This year marks the 30th anniversary of the decision by the National Education Association (NEA) to become a major player in politics. While 1976 was the first year that the nation’s largest teachers union endorsed a presidential candidate (Jimmy Carter, who was promising to deliver creation of the union’s cherished federal Department of Education), it wasn’t long before the NEA’s political activity became a major part of its raison d’etre.
Over these past three decades, the NEA has carpet-bombed the political landscape with money. In just the one-year period from September 2004 through August 2005, the NEA spent $25 million on political activities and lobbying, and another $65.5 million on contributions, gifts and grants.
From 1990 through 2002, the NEA was the nation’s second biggest political giver. (Unions comprised six of the 10 top political contributors.)
The NEA’s political support goes almost exclusively to the Democratic Party. Between 1990 and 2002, 95% of NEA candidate and party donations went to Democrats. After the 1976 Carter endorsement, they’ve been strong backers of every subsequent Democratic presidential nominee. As University of Virginia political scientist Larry Sabato once observed, “It’s fair to say that the Democrats would be nowhere without them.”
What have the NEA’s tens of millions of dollars bought? The first prize was the 1980 establishment of the Department of Education itself. In subsequent years, there have been repeated hikes in education spending at the federal, state and local levels.
The congressional debate over creating the Department of Education—which took place relatively soon after the NEA started its move to become a major political force—showed that there once was great diversity of opinion among congressional Democrats regarding education policy. In 1979, many Democrats openly voiced opposition to this top union priority. But imagine a Democrat in Congress today saying what former Democratic Rep. Pat Schroeder of Colorado said then: “No matter what anyone says, the Department of Education will … meddle in everything. I do not want that.” Schroeder, of course, was a very liberal Democrat.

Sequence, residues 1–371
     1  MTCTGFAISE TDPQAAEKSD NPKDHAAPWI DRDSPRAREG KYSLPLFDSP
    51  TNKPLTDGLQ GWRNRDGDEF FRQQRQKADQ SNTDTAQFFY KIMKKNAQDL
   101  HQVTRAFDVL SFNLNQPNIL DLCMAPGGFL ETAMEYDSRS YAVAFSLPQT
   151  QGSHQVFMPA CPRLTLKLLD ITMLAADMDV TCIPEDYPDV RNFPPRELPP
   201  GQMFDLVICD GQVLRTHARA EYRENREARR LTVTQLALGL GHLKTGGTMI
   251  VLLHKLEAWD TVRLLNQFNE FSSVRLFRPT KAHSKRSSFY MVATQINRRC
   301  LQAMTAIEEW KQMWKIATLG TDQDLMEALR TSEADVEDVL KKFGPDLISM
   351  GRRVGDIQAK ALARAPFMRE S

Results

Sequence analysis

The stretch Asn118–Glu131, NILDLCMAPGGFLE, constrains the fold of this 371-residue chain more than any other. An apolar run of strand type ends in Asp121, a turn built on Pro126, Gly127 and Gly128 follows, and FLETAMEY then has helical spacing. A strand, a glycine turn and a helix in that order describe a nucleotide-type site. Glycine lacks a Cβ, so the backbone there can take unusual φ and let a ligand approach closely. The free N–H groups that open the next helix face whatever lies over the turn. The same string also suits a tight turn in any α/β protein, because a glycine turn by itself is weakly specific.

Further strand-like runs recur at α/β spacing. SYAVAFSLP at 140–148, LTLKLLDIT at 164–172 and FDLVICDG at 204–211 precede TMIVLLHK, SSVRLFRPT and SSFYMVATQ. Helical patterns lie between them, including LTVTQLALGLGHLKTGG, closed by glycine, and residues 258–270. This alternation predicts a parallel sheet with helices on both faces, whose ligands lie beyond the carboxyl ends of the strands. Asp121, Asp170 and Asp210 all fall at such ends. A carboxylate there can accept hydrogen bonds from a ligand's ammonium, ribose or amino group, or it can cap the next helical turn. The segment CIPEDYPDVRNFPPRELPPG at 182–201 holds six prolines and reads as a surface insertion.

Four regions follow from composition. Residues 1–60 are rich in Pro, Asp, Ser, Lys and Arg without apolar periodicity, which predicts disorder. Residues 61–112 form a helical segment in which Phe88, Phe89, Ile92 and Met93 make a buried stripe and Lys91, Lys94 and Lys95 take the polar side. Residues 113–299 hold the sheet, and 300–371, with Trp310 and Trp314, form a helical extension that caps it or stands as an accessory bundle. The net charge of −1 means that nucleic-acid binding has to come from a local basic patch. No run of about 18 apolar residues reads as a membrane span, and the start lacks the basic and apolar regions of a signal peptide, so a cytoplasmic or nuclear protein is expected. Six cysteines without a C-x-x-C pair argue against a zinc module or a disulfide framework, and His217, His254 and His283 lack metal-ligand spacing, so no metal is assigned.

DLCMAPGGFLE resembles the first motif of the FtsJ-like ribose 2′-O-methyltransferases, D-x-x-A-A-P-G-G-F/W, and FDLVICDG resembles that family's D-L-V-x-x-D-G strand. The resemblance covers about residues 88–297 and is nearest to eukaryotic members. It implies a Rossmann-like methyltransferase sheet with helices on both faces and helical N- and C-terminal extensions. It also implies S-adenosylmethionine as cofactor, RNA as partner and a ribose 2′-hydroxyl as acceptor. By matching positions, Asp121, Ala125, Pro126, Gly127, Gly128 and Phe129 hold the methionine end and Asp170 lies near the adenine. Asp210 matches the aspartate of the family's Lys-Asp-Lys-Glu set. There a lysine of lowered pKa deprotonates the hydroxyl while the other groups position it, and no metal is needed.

Or imagine a Democrat saying today what Democratic Rep. Joe Earley of Masschusetts said then: “A national department may actually impede the innovation of local programs as it attempts to establish uniformity throughout the nation.”
After several decades of massive NEA political spending, this diversity has disappeared from the Democratic Party. Today, any elected Democrat who wishes to move up in the party’s ranks realizes he must toe the NEA line on education policy. That means supporting ever-escalating spending, opposing school choice, advocating smaller class size (i.e., hiring more teachers) and blocking all efforts at accountability, such as merit pay. Recognizing the power of the NEA, many Republicans shy away from speaking the truth on these issues as well.
One thing the NEA union leadership has not been able to buy is complete fealty of its own membership. A majority of teachers voted for Ronald Reagan in 1980 and 1984. Polls today generally indicate that around 60% of the union’s members consider themselves either Republicans or independents.
Beyond aiding politicians directly, the NEA sends cash to groups that hold meetings and dinners for elected officials. For example, in a 12-month period beginning in September 2004, the NEA sent $5,000 to the National Conference of Black Mayors and $8,200 to the National Conference of State Legislatures’ Foundation for State Legislatures.
The NEA also provides funding to policy and advocacy groups, netting handsome returns. In the September 2004 to August 2005 period, the union shipped $45,000 to League of United Latin American Citizens (LULAC). LULAC in turn urged that yet more money be pumped into public schools. The NEA also sent $45,000 to the Economic Policy Institute, which has produced studies and statements arguing for—you guessed it—lots more spending on public schools.
New York Times columnist Paul Krugman and other left-wing commentators have tried to make the case that only conservatives or Republicans are susceptible to money-for-policy schemes. Writing about the burgeoning scandal centering on the sleazy Jack Abramoff, Krugman said: “Reporters and editors will be tempted to give equal time to these accusations [that liberals and Democrats are involved], however weak the evidence, in an effort to appear ‘balanced.’ They should resist the temptation. If this is overwhelmingly a story about Republican lobbyists and conservative think tanks, as I believe it is—there isn’t any Democratic equivalent of Jack Abramoff—that’s what the public deserves to be told.”
In the coming months, Congress and the nation will closely reexamine the role of money in politics. It would be a shame if we turn the blind eye that Krugman suggests and nobody asks questions about the mega political bucks of the National Education Association, and indeed of all organized labor.
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